The Impact of Athletic Performance on Tuition Rates

By Alexander, Donald L.; Kern, William | International Journal of Sport Finance, November 2009 | Go to article overview

The Impact of Athletic Performance on Tuition Rates


Alexander, Donald L., Kern, William, International Journal of Sport Finance


Abstract

This paper explores the impact of intercollegiate athletic performance on tuition rates. A number of recent studies have examined the advertising effect generated by participation in intercollegiate sports. These studies have attempted to ascertain whether athletic performance improves student quality, graduation rates, and state appropriations. Only one previous paper examines the impact of intercollegiate athletics on tuition, and it found a positive impact on out-of-state tuition rates from participation in the NCAA men's basketball tournament. In this paper, we find that athletic performance as measured by win-loss records in football and basketball impacts both in-state and out-of-state tuition rates, though it appears that the effects are largely confined to members of the six major power conferences.

Keywords: athletic performance, tuition rates

Introduction

Over the past two decades, a number of papers have investigated the impact of success in intercollegiate athletics on various aspects of university life, including alumni giving (Rhoads & Gerking, 2000; Goff, 2000; Baade & Sundberg, 1996; Humphreys & Mondello, 2007), state appropriations to universities (Coughlin & Erekson, 1986; Humphreys, 2006), student quality (McCormick & Tinsley, 1987; Tucker, 1992; Mixon, Trevino, & Minto, 2004; Tucker, 2005; Smith, 2008), and graduation rates (Rishe, 2000; Tucker, 1992; Bremmer & Kesselrig, 1993). In each of these instances, universities are viewed as having raised their public profiles as a consequence of their athletic successes and, as a result, have attempted to capitalize on those successes by securing larger contributions from alumni or greater appropriations from state legislators or by increasing the size and quality of their student bodies. These studies thus emphasize that intercollegiate athletics create an "advertising effect" that provides a means by which universities might generate increases in revenues and improve the quality of the institutions (McCormick & Tinsley, 1987). In simple terms, we can view intercollegiate athletics as a means by which universities attempt to shift the demand curve for their services to the right. If universities succeed on the field or on the court, this success may present them with an opportunity to increase enrollment or raise student quality or raise tuition.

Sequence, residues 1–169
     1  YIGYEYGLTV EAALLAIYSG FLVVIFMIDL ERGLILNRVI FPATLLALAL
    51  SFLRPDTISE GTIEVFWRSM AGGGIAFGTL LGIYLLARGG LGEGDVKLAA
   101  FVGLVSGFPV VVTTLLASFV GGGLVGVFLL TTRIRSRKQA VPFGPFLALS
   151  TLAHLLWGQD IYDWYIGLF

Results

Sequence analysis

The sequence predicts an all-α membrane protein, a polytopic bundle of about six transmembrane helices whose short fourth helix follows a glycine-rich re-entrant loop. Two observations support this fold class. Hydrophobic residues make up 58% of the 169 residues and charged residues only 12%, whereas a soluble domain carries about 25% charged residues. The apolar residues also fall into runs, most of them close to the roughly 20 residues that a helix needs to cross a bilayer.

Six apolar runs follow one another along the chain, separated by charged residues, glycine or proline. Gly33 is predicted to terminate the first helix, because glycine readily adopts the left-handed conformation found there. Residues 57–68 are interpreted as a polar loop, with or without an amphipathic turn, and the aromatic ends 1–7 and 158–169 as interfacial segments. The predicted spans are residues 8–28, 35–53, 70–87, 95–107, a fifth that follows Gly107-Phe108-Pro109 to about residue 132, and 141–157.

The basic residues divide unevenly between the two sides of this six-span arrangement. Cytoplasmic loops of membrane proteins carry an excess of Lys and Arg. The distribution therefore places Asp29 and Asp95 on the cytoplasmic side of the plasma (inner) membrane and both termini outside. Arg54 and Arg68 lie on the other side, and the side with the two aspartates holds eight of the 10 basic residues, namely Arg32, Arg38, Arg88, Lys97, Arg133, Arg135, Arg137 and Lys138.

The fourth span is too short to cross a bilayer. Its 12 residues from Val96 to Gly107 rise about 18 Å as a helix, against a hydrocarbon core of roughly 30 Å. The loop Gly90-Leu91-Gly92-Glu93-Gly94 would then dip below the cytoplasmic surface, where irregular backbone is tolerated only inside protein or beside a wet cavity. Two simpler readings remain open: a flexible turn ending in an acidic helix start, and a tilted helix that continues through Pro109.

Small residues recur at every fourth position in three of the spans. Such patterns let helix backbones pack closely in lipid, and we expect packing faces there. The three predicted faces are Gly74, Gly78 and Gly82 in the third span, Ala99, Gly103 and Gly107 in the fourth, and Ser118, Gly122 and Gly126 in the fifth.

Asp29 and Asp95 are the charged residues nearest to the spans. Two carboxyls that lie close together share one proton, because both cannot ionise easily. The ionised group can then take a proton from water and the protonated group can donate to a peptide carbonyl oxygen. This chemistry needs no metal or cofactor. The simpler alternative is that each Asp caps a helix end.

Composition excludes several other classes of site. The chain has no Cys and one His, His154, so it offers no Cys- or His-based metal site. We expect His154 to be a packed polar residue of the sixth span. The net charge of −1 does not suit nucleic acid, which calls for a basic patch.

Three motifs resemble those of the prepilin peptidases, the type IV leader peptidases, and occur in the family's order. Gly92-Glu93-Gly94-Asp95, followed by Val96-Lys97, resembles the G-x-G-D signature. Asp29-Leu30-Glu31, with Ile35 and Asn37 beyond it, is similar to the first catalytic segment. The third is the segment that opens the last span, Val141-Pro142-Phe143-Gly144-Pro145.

Of course, university presidents will not, in all likelihood, directly address the increases in tuition and attribute them to this source. More commonly, university administrators will cloak tuition increases in terms of a need to cover increasing costs or some other more "legitimate" sounding rationale. This is much the same argument given by owners of professional sports teams in justification for rising ticket prices; "players' salaries have risen so we are increasing prices to cover those costs." But the direction of causation is reversed. Teams are willing to pay more for players because fans are willing to pay more to attend games. Similarly, we argue that universities spend more on athletics because they can raise tuition. This is due to the fact that students are willing to pay more to attend a school with a more prestigious reputation stemming, in part, from their success in athletics. The rise in tuition is then attributed to rising costs or an expansion of other university programs.